It was also very enjoyable to hear some of the lesser known numbers - The Warthog, The Armadillo and The Rhino all made an appearance, alongside the ubiquitous Gnu and Hippo(s). From the first note of In The Bath it was clear the musicianship was good, and Duncan's piano-playing was particularly impressive. And while the ensemble might not have been perfect, I reminded myself sternly that F&S had performed together tens of thousands of times before making the recordings we all know.

And this was the problem - through the CDs we know these songs, and the monologues too. In fact familiarity with the originals was encouraged and expected, as the audience were invited to join in. The problem is that if you know the original intimately the imitation has to be right - the words, the pauses, the inflections. Who are Tim and Duncan's ideal audience? People who know the songs, but not the introductions to them? Or just the nostalgically amnesiac?

Tim and Duncan have set themselves a hard task. To imitate you must look and sound right, which fortunately they do. You must act right, and interact right, and these qualities are reproduced more shakily. Tim veers from being Michael to being Tim, and his exaggerated insults tip the balance of the partnership. It was easy to believe Flanders and Swann were actually friends, or at least respected each other. Michael was pompous, but could cheerfully lampoon himself, even on the subject of his wheelchair. Donald at times must have itched to escape light music, but knew that the partnership worked. His ability at composing and languages were used in the shows, even if Flanders feigned annoyance. And in this whole tribute Tim and Duncan told us nothing of Flanders and Swann as people, and nothing of themselves, where some history might have made more sense of the music, and some personal details would have raised the show from funny to warm.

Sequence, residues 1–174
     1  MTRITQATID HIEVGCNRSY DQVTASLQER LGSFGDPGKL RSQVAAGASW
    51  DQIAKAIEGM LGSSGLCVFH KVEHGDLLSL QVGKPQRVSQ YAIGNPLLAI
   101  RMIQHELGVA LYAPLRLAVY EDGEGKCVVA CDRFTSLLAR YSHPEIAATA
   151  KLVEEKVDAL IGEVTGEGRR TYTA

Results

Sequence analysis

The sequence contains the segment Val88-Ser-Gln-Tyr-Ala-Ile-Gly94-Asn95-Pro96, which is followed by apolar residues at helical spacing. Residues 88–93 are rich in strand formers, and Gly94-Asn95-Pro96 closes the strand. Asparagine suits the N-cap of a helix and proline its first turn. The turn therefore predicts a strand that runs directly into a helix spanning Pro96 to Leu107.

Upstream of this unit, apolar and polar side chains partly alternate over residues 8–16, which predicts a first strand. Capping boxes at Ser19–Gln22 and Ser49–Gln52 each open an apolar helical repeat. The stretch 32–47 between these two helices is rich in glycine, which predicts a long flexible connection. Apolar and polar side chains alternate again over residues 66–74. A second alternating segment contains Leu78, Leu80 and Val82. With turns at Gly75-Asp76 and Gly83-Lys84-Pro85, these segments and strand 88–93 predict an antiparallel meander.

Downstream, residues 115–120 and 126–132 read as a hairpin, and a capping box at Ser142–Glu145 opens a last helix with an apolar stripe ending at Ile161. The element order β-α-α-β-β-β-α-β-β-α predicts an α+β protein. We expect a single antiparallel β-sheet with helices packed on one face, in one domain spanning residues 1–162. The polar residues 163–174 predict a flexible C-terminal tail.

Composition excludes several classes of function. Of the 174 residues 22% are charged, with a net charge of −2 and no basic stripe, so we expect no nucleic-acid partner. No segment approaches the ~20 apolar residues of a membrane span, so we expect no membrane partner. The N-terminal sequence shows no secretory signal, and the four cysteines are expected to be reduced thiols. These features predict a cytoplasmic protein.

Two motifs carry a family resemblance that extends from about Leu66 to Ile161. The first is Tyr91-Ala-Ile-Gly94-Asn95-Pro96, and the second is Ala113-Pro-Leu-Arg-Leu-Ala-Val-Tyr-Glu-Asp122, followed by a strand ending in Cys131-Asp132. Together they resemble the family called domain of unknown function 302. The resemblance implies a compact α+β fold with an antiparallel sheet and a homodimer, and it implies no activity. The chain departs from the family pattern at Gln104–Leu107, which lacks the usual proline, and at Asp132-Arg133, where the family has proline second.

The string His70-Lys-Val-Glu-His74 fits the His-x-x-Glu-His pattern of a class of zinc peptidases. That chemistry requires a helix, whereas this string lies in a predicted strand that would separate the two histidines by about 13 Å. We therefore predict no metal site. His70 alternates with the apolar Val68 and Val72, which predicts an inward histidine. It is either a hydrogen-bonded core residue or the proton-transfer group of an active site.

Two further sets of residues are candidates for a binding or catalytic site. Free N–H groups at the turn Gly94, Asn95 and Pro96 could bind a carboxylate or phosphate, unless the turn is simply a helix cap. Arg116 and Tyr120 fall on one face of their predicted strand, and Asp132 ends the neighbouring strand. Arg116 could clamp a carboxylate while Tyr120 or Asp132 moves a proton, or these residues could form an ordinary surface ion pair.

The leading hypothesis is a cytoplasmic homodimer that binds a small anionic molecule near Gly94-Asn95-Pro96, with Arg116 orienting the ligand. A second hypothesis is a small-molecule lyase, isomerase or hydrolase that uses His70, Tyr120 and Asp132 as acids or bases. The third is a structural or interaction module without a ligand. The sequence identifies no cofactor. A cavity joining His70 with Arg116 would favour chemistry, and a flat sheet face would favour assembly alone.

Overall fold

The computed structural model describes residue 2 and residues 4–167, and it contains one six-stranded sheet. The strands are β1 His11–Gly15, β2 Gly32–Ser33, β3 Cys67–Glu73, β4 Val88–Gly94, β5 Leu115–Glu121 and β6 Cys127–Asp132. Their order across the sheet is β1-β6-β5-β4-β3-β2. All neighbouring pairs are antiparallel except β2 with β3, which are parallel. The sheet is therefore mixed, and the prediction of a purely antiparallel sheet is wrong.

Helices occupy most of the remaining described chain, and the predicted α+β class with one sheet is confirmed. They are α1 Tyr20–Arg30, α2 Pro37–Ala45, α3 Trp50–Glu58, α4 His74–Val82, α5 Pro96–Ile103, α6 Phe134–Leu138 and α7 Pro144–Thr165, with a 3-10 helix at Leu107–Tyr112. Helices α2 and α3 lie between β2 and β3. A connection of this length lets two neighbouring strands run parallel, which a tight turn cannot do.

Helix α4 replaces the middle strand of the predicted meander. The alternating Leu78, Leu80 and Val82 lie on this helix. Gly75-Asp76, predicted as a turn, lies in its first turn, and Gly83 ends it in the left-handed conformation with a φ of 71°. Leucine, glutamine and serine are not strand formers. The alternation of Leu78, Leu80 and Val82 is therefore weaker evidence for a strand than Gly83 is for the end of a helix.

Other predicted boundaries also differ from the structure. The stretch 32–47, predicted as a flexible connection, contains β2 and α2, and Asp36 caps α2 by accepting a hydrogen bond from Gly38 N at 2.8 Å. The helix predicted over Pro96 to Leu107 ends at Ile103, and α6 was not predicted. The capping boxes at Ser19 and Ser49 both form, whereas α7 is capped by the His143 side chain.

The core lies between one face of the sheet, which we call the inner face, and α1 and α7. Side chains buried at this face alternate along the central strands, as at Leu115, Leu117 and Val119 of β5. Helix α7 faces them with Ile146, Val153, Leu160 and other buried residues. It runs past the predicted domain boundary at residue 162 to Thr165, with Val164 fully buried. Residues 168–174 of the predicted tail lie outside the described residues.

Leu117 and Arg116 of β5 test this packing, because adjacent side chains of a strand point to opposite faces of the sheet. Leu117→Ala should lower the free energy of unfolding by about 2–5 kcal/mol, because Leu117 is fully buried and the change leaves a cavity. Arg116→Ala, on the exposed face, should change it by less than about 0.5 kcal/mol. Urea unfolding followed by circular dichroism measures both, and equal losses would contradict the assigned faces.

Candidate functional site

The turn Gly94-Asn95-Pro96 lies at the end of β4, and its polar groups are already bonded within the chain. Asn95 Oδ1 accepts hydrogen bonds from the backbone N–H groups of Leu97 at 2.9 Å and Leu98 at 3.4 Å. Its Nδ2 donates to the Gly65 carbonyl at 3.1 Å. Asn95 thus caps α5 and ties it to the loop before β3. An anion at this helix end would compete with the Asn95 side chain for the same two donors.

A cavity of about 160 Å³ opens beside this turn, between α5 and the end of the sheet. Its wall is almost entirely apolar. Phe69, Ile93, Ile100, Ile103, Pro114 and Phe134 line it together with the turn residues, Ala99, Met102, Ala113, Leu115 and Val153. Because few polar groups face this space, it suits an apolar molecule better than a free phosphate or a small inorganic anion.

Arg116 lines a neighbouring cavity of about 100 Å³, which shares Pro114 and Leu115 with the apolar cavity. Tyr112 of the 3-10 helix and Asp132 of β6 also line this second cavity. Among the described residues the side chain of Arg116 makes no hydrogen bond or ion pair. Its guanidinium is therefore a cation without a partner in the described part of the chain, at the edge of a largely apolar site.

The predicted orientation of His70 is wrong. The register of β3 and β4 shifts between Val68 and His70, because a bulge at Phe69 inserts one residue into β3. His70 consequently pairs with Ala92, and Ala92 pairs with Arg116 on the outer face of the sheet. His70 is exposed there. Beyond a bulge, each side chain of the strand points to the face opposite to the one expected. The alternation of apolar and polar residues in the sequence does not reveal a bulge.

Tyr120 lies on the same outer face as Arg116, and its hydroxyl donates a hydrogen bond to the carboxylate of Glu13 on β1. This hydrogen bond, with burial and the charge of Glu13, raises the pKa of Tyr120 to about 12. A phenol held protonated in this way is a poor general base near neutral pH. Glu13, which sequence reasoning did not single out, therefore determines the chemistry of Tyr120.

For me the faults of the evening were most obvious in The English Are Best, whose proper title is A Song of Patriotic Prejudice. Flanders introduces it with a laugh in his voice. He and Swann make outrageous statements about European nations, heap hyperbolic praise on the English and finish by declaring that they, Donald and Michael, are "the flower of the English". It is pretty obvious to everyone this is not a song they take seriously, nor was ever intended to be, not least because the quintessentialy English Swann was a Welsh-born son of Russian parents escaping the Russian Revolution. In Tim and Duncan's rendition the ending and choruses have been changed, and the audience are encouraged to sing along. It was excrutiating. I looked around the white, middle class, middle aged audience, fulfilling all the stereotypes of the worst elitism of Oxford, and I nearly walked out, back home to East Oxford and the diversity of the Cowley Road.

Had Flanders and Swann been writing now they might still have written a song about nationalism and patriotic prejudice, or a fabulously funny debate about the pleasures and pitfalls of multiculturalism. But they never sought to divide and offend. Tim and Duncan might have captured the letter of Flanders and Swann. They may even have captured the note. But they surely haven't captured their spirit.